Trade Advocates Find Friendly Turf

Posted September 2, 2008 at 6:55pm

With the free-trade agenda stalled on Capitol Hill, the Consumer Electronics Association decided to hit the road and roll up in a campaign-style bus at the Republican National Convention on Tuesday. As part of the group’s effort to pass several free-trade agreements, CEA held a news conference overlooking St. Paul’s Xcel Energy Center.

Last week, the tour stopped in Denver for Democrats’ nominating convention.

The campaign trail has not been any more hospitable than the halls of Congress for the pro-trade message, especially among Democrats, whose presidential candidate, Sen. Barack Obama (Ill.), has called for the U.S. to reopen existing trade deals such as the North American Free Trade Agreement.

“A great nation does not fear trade,” Gary Shapiro, president and CEO of the electronics association, told the small crowd assembled on a windy, overcast afternoon in front of the Minnesota Historical Society. “American workers can compete.”

Other speakers included Commerce Secretary Carlos Gutierrez, Rep. David Dreier (R-Calif.) and Rhett Dawson, president of the Information Technology Industry Council.

All called on the Democratic-controlled Congress to bring a trade agreement with Colombia to the House floor for a vote before the end of the 110th Congress.

Dreier took a partisan tone in his support for the Republican presidential nominee, Sen. John McCain (Ariz.), as the one candidate who will vigorously support more free-trade agreements.

Dreier called it “a crime” that the Colombia agreement had not yet seen a vote. “We all know full well it is up to the Speaker to bring it to a vote,” he said, referencing California Democrat Nancy Pelosi. “I’m in political mode.”

But Dreier added that trade should be depoliticized.

“The issue of trade has become tragically partisan,” he said. “I wish very much that the candidates on the Democratic side would have embraced Bill Clinton’s view on trade.” While president, Clinton worked for the passage of NAFTA.

In addition to the Colombia free-trade agreement, Shapiro said his group is on the road lobbying for passage of pacts with Panama and South Korea. All three of those agreements have already been negotiated by the Bush administration but have not won approval by Congress.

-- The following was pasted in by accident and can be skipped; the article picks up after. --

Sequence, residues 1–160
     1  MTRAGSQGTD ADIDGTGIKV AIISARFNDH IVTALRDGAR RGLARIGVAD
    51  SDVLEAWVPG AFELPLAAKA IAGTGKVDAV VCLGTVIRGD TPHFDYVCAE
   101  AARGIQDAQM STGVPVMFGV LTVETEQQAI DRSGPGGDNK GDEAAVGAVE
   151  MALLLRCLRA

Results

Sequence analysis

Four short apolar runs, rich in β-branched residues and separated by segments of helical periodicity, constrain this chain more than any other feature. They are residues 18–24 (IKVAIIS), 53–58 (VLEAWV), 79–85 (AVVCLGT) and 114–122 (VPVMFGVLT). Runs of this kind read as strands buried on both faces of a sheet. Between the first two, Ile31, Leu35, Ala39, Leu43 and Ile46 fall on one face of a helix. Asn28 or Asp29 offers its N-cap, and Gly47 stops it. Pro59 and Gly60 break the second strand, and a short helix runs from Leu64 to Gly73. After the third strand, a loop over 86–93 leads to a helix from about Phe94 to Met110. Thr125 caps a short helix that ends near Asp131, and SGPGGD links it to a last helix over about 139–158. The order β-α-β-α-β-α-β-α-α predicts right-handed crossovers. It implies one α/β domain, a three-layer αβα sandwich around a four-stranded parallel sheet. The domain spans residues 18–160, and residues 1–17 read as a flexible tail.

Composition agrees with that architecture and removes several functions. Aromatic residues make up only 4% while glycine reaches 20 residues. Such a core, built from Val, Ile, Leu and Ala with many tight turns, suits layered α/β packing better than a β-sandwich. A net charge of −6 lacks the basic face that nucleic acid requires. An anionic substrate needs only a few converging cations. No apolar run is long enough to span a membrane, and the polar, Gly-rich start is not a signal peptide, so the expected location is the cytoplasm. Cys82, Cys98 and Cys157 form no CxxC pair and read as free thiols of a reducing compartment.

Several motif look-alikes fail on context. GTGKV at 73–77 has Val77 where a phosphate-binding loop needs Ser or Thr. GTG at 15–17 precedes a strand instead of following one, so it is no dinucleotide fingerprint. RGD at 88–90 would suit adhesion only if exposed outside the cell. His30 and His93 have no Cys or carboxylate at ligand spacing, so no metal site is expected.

“Together we will send a clear message — America wins with trade,” Shapiro said.

Despite the rhetoric, particularly among Democratic candidates on the campaign trail in such states as Ohio that have been hit hard with plant closures, Gutierrez said free trade is responsible for much of the growth in an otherwise ailing economy.

“This is a time when trade is making a big difference in our economy,” Gutierrez said. “Instead of standing still, we should be doing more free-trade agreements.”

He said the Bush administration has negotiated 11 free-trade agreements in its nearly eight years and that those pacts have added a $21 billion surplus to the economy. “This is a great cause,” he said.

Dawson, who is attending the convention not only as an advocate for the technology industry but also as a delegate from the District of Columbia, said U.S. tech companies will lose their edge in the world if Congress applies the brakes on the free-trade agenda.

“If we don’t lead on trade, … we’re going to be set back in our ability to lead” on technology, he said.

The CEA group also released recent polling data to bolster its lobbying argument. It said that 58 percent of those polled consider trade a plus because it has lowered the costs of food, electronics and clothing. The poll also found that 84 percent of respondents between the ages of 18 and 24 said they had personally benefited from trade. The poll was conducted by Zogby International.

As for the bus tour, CEA adviser Kenneth Nahigian of Nahigian Strategies said it swung through 28 states, including New York, Florida, Texas, Washington and Utah. After its time in St. Paul, the bus will head to Illinois, Tennessee and other points on the map.

The bus runs primarily on vegetable oil and fat used to deep-fry French fries and doughnuts. Depending on where the bus is, it has collected fuel from various restaurant sources. “One day it smells like Krispy Kreme,” Nahigian said.